Adapt or Perish! MFIs in the Age of Digital Finance
"Adapt or perish," was the resounding message for MFIs at the closing plenary of the 2016 European Microfinance Week, where 400 professionals from financial institutions, investment firms, donors, and academia gathered to discuss relevant topics ranging from financing agriculture and education to assessing social performance of MFIs and promoting innovation in digital finance.
The closing plenary, “Digital Finance: Full inclusion or empty promise?” featured an open debate moderated by Greta Bull, CEO of CGAP, and included plenary members Vicki Escarra, CEO of Opportunity International, Dave van Niekerk, founder and CEO of MyBucks, and Graham Wright, Managing Director of MicroSave.
The debate underlined the need for microfinance institutions to adapt to the rapidly changing landscape of digital financial inclusion or risk becoming irrelevant. The discussion also stressed the importance of transparency and client protection in building trust in digital financial services (DFS).
Watch the full debate, live-streamed by NextBillion.
Here are our key takeaways from the debate.
1. Digital finance represents an existential threat to microfinance if MFIs don’t leverage it appropriately
The financial inclusion landscape is changing rapidly and MFIs can no longer afford to “watch and wait.” As smartphones become increasingly available in remote communities, opportunities for delivering low-cost financial services are expanding. Microfinance institutions can leverage digital financial services to increase client outreach and deliver a wider range of financial services beyond credit.
There are several approaches that MFIs can take. They can develop their own digital finance strategies, use their existing outreach to create agent networks, leverage payments systems of DFS providers to improve the quality and speed of payments to clients, and use technology to improve loan origination and assessment. If MFIs take a more deliberate approach to digital finance, DFS can only enhance rather than threaten their work.
2. Digital financial services still have a long way to go in delivering full financial inclusion
The advantage of DFS is that it allows providers to deliver a full suite of financial services to clients at much lower cost than traditional banking. Yet the range of digital financial services offered today is still very limited, and the cost for clients remains high. With few exceptions, most DFS transactions are limited to person-to-person payments, bill payments, and airtime top-ups. Furthermore, the effective annual interest rates on loans remain very high, even as providers gain better access to data that can be used to assess risk more accurately. In most cases, better data does not translate into lower interest rates for clients; it only enables them to borrow more at the same rate.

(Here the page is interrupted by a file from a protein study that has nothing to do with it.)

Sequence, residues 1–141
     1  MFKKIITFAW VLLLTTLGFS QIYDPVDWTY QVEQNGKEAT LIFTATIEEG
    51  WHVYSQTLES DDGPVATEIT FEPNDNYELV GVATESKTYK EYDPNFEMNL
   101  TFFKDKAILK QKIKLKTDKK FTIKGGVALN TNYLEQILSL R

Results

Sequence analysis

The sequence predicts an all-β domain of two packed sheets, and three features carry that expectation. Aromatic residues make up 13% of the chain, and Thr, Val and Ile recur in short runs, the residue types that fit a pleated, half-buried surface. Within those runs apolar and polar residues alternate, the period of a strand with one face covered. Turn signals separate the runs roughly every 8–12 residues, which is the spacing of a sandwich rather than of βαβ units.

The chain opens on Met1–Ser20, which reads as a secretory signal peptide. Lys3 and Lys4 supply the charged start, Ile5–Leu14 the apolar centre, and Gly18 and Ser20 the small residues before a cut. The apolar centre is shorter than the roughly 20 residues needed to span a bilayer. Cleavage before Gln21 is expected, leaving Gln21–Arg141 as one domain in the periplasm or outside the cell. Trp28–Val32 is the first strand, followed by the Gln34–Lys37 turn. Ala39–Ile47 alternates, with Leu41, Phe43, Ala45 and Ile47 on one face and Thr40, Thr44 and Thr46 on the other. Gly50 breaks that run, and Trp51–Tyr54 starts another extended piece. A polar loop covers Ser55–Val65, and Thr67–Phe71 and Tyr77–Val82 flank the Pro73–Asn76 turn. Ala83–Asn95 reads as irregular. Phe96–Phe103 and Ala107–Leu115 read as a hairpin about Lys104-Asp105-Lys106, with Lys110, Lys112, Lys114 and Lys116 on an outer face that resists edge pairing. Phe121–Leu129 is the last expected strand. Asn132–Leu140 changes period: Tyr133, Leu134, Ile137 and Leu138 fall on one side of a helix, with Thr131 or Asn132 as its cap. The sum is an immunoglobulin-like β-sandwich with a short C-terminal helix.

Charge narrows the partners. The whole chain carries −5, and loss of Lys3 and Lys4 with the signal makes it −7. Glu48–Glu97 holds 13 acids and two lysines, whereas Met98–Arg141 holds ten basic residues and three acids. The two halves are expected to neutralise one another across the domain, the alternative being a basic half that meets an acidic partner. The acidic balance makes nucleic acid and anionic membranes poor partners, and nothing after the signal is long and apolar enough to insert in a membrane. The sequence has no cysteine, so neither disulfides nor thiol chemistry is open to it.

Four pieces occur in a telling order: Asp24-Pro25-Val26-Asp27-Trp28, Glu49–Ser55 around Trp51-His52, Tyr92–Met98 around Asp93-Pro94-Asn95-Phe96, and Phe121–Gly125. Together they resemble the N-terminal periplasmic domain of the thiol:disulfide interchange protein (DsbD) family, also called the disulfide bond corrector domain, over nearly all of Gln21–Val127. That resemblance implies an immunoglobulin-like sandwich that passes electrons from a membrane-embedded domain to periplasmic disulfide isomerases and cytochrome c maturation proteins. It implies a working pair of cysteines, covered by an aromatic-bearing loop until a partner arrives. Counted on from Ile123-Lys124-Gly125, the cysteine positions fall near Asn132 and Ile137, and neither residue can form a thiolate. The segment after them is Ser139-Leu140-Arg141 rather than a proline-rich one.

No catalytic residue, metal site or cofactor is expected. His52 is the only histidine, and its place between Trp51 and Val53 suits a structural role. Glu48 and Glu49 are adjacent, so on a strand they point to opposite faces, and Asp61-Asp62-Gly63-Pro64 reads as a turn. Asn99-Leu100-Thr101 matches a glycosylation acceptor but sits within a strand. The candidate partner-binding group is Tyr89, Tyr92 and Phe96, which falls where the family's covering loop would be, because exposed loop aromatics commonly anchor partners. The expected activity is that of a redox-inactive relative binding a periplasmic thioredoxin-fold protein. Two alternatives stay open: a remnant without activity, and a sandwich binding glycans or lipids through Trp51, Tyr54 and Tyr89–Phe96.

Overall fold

3. Increasing complexity of DFS calls for greater focus on client protection
The use of smartphones is enhancing the digital footprint of clients, which will enable DFS providers to make smarter credit decisions. A larger digital footprint can also make clients more vulnerable, especially if they are not aware how their personal data is being used or shared by DFS providers.
Greater transparency and better information disclosure are necessary to enable clients to make informed decisions and prevent cases where only negative data is reported and used to punish clients. The recent example in Kenya, where over 400,000 clients are blacklisted by the Kenyan credit bureaus for loans of less than US$2 should serve as a lesson on how digital financial services can result in financial exclusion rather than inclusion. Given the fragile nature of the system, client protection is critical to build and deepen trust in DFS.